Burma's next president?

Daw Aung San Suu Kyi. Photo from wikimedia commons.
27 November 2013
Daw Aung San Suu Kyi. Photo from wikimedia commons.


Myanmar freedom fighter could become president, says former diplomat and ANU expert.

The freedom to express dissent without inciting violence could well be Myanmar opposition leader Aung San Suu Kyi’s legacy.

But it’s yet to be seen what she could achieve in parliament, a former ambassador turned ANU academic says.

For more than 20 years, Suu Kyi sought the release of political prisoners in the former military junta, advocated sanctions against the government, and tried to rally support for her party, the National League for Democracy.

“More than anyone else, she has sought to ensure that governments in her country pay greater attention to the needs of the ordinary people,” ANU College of Asia and the Pacific visiting fellow Trevor Wilson said ahead of her impending visit to ANU this Friday.

Sidelined from contesting Myanmar’s 2010 election because it was held a week before her release from one of many periods of house arrests, Suu Kyi announced in June this year she wanted to become president in 2015, when national elections are planned as part of an ongoing transition from decades of military rule.

Commenting on the Nobel Peace Prize Laureate’s chances, Wilson said a military-drafted constitution which disqualifies her from being a candidate for president, because her two sons and late husband are foreigners, was not necessarily the end of the matter.

“The parliament recently set up a committee to consider revisions to the constitution before the elections, leading some observers to predict that a deal might clear the way for a Suu Kyi presidency,” Wilson pointed out.

He also suggested Myanmar’s President Thein Sein, who is not seeking a second term, would not oppose Suu Kyi in her quest to take the top job.

“Thein Sein is absolutely committed to reform,” he said.

“He is really very open.”

Myanmar took a big step towards democracy in August 2012, when the government informed print journalists that they would no longer have to submit their work for censoring before publication.

“I would say, in terms of political freedoms, that Myanmar is freer than China,” Wilson, who served as Australia’s ambassador to the country from 2000 to 2003 added.

“But the process of democratisation is far from complete.”

When she comes to ANU on November 29, Suu Kyi will receive an Honorary Doctorate during a ceremony at the University’s Llewellyn Hall.

She will also meet with Myanmar students who have been sponsored by AusAid to study at ANU.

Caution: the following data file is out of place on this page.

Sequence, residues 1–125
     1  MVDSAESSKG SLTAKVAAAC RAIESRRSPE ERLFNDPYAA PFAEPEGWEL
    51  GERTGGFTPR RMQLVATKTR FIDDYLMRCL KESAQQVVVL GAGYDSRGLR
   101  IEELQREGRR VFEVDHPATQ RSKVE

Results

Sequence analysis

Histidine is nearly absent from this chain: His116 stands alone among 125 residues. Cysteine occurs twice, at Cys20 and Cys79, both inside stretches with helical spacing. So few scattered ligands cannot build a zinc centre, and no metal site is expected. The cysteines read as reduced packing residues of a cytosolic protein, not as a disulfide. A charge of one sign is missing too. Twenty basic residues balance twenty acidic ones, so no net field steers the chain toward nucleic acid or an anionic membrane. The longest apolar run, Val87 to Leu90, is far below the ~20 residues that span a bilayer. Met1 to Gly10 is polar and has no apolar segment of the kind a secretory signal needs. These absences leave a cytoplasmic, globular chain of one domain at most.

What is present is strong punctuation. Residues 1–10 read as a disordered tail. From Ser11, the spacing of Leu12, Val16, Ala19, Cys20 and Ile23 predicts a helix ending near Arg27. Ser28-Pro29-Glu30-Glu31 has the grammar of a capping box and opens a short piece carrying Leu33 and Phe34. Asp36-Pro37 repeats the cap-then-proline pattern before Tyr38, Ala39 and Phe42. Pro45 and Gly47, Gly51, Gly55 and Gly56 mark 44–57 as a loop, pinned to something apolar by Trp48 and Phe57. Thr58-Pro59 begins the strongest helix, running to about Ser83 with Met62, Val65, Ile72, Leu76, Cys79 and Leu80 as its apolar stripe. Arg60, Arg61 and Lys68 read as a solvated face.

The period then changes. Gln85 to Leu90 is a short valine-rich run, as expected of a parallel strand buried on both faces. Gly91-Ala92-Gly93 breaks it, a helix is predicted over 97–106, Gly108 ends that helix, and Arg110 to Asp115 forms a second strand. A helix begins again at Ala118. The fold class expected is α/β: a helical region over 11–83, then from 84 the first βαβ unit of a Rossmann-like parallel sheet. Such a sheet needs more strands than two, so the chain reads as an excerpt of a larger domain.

“She wants to talk about what they are studying and why,” Wilson explains.

The University’s connection with Myanmar includes a regular series of conferences that focus on recent economic, political and social conditions in the country.

Known as the Myanmar/Burma Update, they have been held approximately every 18 months since their inception in 1999.

The main objective is to inform government agencies, policy makers, the corporate sector, NGOs, journalists and members of the Australian community about the country.

Wilson was invited as a guest speaker in 2002, and as a visiting fellow, later agreed to organise the conferences, and produce an accompanying book.

He always ensures Suu Kyi, who he first met in 2000, receives a copy.

As a diplomat with the Australian foreign service, he had numerous opportunities to meet with Suu Kyi while living in Myanmar from 2000 to 2003.

A subsequent friendship included hosting afternoon teas and providing Suu Kyi’s household with fresh eggs.

“My wife had chooks in the grounds of the (Australian) Ambassador’s residence,” Wilson recalls.

Suu Kyi’s visit to Canberra will follow one by President Thein Sein in March – the first Myanmar president to do so in nearly 40 years.

Her many accolades include the Nobel Peace Prize in 1991, the Jawaharlal Nehru Award for International Understanding in 1992 and the Wallenberg Medal in 2011.

She joins a list of leaders who have received Honorary Degrees from ANU, including Nelson Rolihlahla Mandela, who received his Honorary Doctor of Laws in 2000, and Indonesian Vice President Dr Boediono, who received his honorary degree earlier this month.

Daw Aung San Suu Kyi will receive an honorary doctorate from ANU at 11am this Friday.
 

 

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Updated:  11 January, 2015/Responsible Officer:  Dean, ANU College of Asia & the Pacific/Page Contact:  CAP Web Team